It’s been a month of Sundays, lazy days, vacation days in which we could do anything, go anywhere. There have been road trips, endless helpings of Cookout and coffee, scary encounters with swerving truckers and alternating patterns of being up very early or sleeping in very late. We cooked a lot. We ate out a lot. And yesterday S. got on a plane back to the U.K., and now everything I do feels strange and weird and out of place because it feels like something’s missing. He’s missing. After 25 days being together near-constantly, the lack of his presence feels like something bigger than a missing limb – it’s as if I’d been cracked open, one lung removed.
It’s harder to breathe. I know that sounds a bit on the melodramatic side of things, but everything feels so very not right that it’s actually true. After so many days of constant physical affection – an arm around a shoulder, a hand on a knee – I feel far too loose and light, as if there isn’t anything holding me down.
I know it will go back to normal again – we both do. But for nearly a month, having him here was what was normal. Neither one of us want staying apart to become the thing we’re used to.
What the Living Do – Marie Howe
Johnny, the kitchen sink has been clogged for days, some utensil probably fell down there.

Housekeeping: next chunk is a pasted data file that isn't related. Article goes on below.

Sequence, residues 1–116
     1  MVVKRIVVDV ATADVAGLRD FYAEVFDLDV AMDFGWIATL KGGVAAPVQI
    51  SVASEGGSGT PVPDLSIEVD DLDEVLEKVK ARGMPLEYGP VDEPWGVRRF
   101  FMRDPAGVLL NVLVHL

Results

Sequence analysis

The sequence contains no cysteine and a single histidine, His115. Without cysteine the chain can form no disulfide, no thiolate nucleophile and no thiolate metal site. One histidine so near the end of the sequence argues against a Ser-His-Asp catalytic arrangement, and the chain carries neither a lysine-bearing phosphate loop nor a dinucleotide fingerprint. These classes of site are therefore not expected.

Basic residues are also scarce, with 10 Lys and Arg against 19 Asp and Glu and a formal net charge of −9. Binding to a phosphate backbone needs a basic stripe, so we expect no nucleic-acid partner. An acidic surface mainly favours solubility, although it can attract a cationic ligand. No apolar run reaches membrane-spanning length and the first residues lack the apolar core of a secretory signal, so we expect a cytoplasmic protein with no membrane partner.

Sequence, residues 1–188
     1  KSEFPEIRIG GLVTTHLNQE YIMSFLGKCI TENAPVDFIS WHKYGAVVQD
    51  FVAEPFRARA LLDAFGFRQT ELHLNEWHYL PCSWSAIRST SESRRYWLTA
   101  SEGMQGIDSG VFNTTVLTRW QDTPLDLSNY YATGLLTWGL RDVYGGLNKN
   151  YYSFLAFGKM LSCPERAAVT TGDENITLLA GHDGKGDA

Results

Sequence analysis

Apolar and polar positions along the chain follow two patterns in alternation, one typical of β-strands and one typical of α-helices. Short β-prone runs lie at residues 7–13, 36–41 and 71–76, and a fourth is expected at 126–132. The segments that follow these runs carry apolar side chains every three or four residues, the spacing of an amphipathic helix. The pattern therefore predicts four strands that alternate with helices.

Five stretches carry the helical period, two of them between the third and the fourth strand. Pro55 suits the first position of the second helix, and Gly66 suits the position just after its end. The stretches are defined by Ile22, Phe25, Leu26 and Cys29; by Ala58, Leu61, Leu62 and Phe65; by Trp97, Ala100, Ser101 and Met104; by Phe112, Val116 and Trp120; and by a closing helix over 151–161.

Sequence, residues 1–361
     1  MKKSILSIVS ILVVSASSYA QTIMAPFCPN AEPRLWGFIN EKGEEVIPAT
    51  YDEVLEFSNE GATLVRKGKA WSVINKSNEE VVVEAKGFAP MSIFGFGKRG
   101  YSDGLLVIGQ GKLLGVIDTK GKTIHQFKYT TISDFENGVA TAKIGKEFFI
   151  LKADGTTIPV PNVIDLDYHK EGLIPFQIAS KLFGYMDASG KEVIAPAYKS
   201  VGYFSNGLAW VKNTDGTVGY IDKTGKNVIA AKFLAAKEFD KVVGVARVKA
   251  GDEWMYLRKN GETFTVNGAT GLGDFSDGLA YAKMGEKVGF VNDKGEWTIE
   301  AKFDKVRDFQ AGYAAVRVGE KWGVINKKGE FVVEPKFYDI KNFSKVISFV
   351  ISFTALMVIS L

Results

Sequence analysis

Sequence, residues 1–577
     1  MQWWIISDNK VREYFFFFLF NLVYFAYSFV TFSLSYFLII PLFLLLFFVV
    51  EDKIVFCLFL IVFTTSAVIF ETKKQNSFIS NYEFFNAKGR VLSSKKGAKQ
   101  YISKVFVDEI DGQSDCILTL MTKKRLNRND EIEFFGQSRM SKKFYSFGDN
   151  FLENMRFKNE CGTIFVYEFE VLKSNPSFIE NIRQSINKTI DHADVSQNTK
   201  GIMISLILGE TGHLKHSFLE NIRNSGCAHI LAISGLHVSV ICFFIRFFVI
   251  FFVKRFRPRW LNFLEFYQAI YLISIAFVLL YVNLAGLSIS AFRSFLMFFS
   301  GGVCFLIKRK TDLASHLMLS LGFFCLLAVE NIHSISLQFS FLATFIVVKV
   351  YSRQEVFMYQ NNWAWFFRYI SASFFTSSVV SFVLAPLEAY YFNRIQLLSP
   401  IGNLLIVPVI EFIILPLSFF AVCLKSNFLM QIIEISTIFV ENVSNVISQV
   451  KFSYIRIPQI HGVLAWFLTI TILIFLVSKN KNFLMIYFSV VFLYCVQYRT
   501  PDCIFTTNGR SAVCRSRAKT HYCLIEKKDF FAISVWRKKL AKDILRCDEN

And the Drano won’t work but smells dangerous, and the crusty dishes have piled up
waiting for the plumber I still haven’t called. This is the everyday we spoke of.
It’s winter again: the sky’s a deep, headstrong blue, and the sunlight pours through
the open living-room windows because the heat’s on too high in here and I can’t turn it off.
For weeks now, driving, or dropping a bag of groceries in the street, the bag breaking,
I’ve been thinking: This is what the living do. And yesterday, hurrying along those
wobbly bricks in the Cambridge sidewalk, spilling my coffee down my wrist and sleeve,
I thought it again, and again later, when buying a hairbrush: This is it.
Parking. Slamming the car door shut in the cold. What you called that yearning.
What you finally gave up. We want the spring to come and the winter to pass. We want
whoever to call or not call, a letter, a kiss—we want more and more and then more of it.
But there are moments, walking, when I catch a glimpse of myself in the window glass,
say, the window of the corner video store, and I’m gripped by a cherishing so deep
for my own blowing hair, chapped face, and unbuttoned coat that I’m speechless:
I am living. I remember you.